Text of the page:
Tory MPs have savaged the “horror” of Theresa May’s Brexit deal, as the Prime Minister said the British people now wanted to “move on”.
On Thursday morning the UK and EU agreed a draft political declaration on what their future post-Brexit trade relationship might look like.
But Tory backbenchers are more concerned about the legally binding Withdrawal Agreement which governs the UK’s exit from the EU.
Blogging for HuffPost UK, ex-Brexit secretary David Davis described the PM’s deal as a “capitulation” and warned Tories they risked “sleepwalking into electoral defeat” if it is passed.
Speaking in the Commons this afternoon, May said: “The British people want Brexit to be settled, they want a good deal that sets us on a course for a brighter future, and they want us to come together as a country and to move on to focus on the big issues at home, like our NHS.
“The deal that will enable us to do this is now within our grasp. In these crucial 72 hours ahead, I will do everything possible to deliver it for the British people.”
The Withdrawal Agreement and political declaration are set to be rubber-stamped at an emergency EU summit on Sunday.
But May has so far failed to convince a sizeable chunk of her own party to vote for the deal with it comes to the Commons.
Owen Paterson, the former Environment Secretary, demanded the “horror” of the Northern Ireland backstop be removed from the agreement.
Iain Duncan Smith, the former party leader, demanded May “strip out” the backstop from the deal.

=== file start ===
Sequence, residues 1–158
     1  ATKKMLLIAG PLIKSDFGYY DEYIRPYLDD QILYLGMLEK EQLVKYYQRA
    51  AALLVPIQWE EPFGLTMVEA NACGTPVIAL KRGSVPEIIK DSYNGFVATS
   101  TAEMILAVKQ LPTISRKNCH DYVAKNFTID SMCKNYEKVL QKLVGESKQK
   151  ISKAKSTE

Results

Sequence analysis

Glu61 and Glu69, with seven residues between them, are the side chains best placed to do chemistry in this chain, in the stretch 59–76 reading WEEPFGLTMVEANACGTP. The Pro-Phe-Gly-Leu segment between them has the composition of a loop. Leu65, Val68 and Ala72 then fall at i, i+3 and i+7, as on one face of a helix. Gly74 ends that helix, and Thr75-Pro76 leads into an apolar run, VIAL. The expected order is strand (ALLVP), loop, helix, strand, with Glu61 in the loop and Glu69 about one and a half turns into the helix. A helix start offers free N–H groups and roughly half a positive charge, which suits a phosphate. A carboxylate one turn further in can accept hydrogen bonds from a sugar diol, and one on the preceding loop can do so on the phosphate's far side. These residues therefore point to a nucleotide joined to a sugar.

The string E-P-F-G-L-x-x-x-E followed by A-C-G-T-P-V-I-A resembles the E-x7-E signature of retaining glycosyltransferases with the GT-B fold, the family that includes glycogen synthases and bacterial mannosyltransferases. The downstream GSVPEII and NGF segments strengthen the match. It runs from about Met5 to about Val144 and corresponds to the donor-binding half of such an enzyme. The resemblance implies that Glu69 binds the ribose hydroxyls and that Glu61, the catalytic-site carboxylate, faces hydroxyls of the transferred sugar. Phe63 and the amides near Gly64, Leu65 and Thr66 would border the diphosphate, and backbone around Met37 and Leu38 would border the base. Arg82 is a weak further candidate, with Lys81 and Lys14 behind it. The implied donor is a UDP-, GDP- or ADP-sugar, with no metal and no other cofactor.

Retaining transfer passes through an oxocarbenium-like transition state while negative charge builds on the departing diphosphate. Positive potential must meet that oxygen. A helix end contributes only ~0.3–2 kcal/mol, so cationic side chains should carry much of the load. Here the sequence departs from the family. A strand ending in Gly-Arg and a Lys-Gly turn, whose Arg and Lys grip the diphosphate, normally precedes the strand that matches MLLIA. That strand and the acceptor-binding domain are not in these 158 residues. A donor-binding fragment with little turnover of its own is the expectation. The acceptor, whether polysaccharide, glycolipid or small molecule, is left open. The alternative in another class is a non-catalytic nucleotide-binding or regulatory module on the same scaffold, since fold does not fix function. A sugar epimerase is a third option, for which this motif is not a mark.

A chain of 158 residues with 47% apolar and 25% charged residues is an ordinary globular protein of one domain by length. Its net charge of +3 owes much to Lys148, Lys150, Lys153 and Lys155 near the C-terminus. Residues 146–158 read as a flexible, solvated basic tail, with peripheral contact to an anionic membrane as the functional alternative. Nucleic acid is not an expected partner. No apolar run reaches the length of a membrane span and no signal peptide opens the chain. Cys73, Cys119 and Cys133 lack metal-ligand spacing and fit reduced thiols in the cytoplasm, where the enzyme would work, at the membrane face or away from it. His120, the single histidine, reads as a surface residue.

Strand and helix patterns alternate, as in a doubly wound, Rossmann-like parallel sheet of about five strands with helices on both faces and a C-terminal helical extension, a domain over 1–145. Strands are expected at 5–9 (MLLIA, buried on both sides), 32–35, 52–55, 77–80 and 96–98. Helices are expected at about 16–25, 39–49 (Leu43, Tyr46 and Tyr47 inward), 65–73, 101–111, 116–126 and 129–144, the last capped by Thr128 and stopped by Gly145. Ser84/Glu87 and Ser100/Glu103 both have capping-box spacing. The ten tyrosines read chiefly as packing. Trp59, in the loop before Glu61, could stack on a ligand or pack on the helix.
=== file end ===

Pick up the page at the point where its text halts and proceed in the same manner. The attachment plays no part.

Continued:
In a blow to the PM, both men savaged the deal despite having been singled out for praise by May just moments earlier.
The backstop is the fallback position that will effectively keep the UK in the EU customs union if the two sides fail to agree a free trade agreement that supersedes it.
It is designed to prevent the need for border checks between Northern Ireland and the Republic of Ireland.
Critics fear if the backstop is triggered it will become permanent, preventing the UK from negotiating its own trade deals as the EU has a veto over whether to end it.
Boris Johnson said the UK should “junk” the backstop which he said made “a complete nonsense of Brexit”.
“Nothing in this political declaration changes the hard reality of the Withdrawal Agreement which gives the EU a continuing veto other the unilateral power of the entire UK to do free trade deal or to take back control of our laws,” he said.
A No.10 spokesman said that the Cabinet had already given its approval for the political declaration on Tuesday, but the PM held a conference call on Thursday updating them with the latest final version.
“The PM had a conference call with Cabinet ministers and she received strong support for the document that has been negotiated, that is true both for the agreement as a whole and in specific areas of ministerial responsibility,” he said.
But Dominic Raab, who quit as Brexit Secretary over the agreement, said: “The top reason people voted to leave the EU was to take back democratic control of our laws.” He added: “This deal gives even more away.
May also came under fire from pro-Remain Conservative MPs. Justine Greening, the former education secretary, and Dominic Grieve, the former Attorney General, demanded the public be given a referendum on the Prime Minister’s deal.
Jeremy Corbyn again confirmed he intended to order his MPs to vote against the deal and dismissed the political declaration as “waffle”.
The draft declaration was agreed in principle on Thursday morning, after negotiators worked through the night on new directions issued by May and European Commission president Jean-Claude Juncker when they met in the Belgian capital on Wednesday evening.
The new text calls for an “ambitious, broad, deep and flexible partnership” covering trade, law enforcement, foreign policy, security and defence.